Vancouver, British Columbia As a voice-over actor, I always tell people that I have no marketable skills, which is why I talk for a living.
I came to the microphone by way of the camera and entered into voice work with no connection to radio or gear whatsoever. So it's funny to me that I'm writing about equipment, especially for a radio industry publication.
However, if I was to maintain my voice clients after the move from Los Angeles to Vancouver I had to become a daily user of a crucial piece of equipment to many in commercial production and the radio industry: a codec.
The author and his Mayah Sporty ISDN needed
When I committed to living in Vancouver I needed to build a home studio with ISDN to use the codec. Since I'm "technically challenged," that was a scary thought for me. I bought my first codec about nine years ago and have owned three others since. My requirements for a codec have been pretty simple. Make it: 1. Easy. 2. Quiet and 3. Small. And so enters the Mayah Sporty.
I have used products from two other familiar codec suppliers but those never really fit the bill. One codec worked well and was fairly straightforward but it was a double-rack-space-beast. When doing a session I am both engineer (kinda) and talent, and my equipment needs to be right next to me. I have a compact workspace and don't like feeling swallowed up by too much equipment.
Another model was just too clunky and loud for me. A third, a software-based codec, I liked at first because it was compact, but I soon discovered it was subject to all the vulnerabilities of a PC (e.g., not Mac-compatible) and it didn't allow me to record and send audio at the same time. The ideal way to use it was with a separate computer and that brought me back to more equipment.
I've always looked for the least amount of gear with the best possible sound. So my pursuit for the ideal codec lead me face-first into the Mayah Sporty.
Aside from looking extremely cool, it was about the size of a Mac mini. It has its own mixer so I could toss away my old Mackie board. At first glance, I thought the Sporty was too complicated, but I quickly got over my anxiety.
Mayah codecs have a setting called "Reporter 1," which is pretty idiot-proof and suited this idiot pretty well. Once I set it to "Reporter 1" mode the world quickly fell into place. Also, Mayah designed an easy way of controlling the Sporty by networking it to the computer. I can add and store my clients' dial-ups and connect to them with the click of a mouse.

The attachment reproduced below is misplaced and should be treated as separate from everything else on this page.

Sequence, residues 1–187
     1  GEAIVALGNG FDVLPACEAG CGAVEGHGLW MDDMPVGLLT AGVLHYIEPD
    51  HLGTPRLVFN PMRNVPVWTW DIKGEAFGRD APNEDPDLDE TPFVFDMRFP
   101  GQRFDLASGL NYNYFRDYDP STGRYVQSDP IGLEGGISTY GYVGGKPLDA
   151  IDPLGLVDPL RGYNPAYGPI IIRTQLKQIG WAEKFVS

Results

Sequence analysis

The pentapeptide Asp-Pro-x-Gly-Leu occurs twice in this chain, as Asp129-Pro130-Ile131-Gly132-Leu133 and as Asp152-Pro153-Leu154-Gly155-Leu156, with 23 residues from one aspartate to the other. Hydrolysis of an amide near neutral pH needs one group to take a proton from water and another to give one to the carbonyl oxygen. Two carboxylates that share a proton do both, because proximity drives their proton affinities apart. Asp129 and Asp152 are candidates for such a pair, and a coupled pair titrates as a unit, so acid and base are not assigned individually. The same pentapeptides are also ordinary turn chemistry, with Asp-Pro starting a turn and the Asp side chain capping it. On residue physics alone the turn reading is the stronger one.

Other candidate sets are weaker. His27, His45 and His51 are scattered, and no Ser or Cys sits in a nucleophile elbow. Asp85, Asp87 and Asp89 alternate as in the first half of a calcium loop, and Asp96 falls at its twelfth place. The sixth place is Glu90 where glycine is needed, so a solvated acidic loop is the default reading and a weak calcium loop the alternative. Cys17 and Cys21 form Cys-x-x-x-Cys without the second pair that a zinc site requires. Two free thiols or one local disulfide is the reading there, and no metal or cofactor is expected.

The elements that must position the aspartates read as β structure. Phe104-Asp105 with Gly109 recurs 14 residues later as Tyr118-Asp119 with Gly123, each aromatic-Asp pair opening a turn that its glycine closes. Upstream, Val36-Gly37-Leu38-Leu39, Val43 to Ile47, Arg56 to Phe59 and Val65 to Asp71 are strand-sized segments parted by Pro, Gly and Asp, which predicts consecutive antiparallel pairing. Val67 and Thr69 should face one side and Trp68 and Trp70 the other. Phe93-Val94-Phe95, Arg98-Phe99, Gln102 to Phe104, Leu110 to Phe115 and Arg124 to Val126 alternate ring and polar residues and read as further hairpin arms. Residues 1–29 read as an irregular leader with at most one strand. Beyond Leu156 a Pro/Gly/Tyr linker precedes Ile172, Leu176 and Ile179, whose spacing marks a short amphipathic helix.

One of my favorite things about the Sporty is its auto-recognition feature. It literally recognizes any codec or algorithm that is thrown at it. No need to set the Mayah at all, it automatically knows what it's talking to and how. I love it!
I also use the Sporty for phone patch sessions. When my clients call my Sporty from a landline, the Mayah recognizes that it's communicating with a regular phone. It has truly changed my recording life.
Ron Guensche of EDnet (who now sells and supports them) helped me successfully put the Sporty through its paces against just about every codec out there.
Another amazing feature is that the Sporty can connect to an APT codec without any bridging. [Editor's Note: High-end high-bandwitch APT codecs are popular with many commercial and film post-production studios.] That's a cost saver for everyone in my business.
The Sporty's not cheap, but I believe it's a great investment because Mayah has made it "future proof."
My line of work is high-fidelity and mission-critical so connections have to be reliable and high quality. Though Source-Connect seems to be the only current player for real-time gigs using the Internet (instead of ISDN), it's pretty clear that the Internet is where it's all heading. Other areas are doing this already, but for commercial production, ISDN is still the only game in town. The Mayah is equipped with many ways of connecting via the Internet (and otherwise). That's territory I've not yet needed to explore, but I do know that as we evolve, the Mayah Sporty is designed to evolve with us.
Could the Sporty be even more user friendly? Sure, but I understand that Mayah is working on that as well as making its Web-based software Mac-compatible. Overall, I think the Sporty is a great product for anyone looking for compact size, sleek design, stellar quality and ease of use.
Bill Mondy is a voice-over artist.
For information, contact Mayah Communications at (360) 618-1474 or visitwww.mayah.com.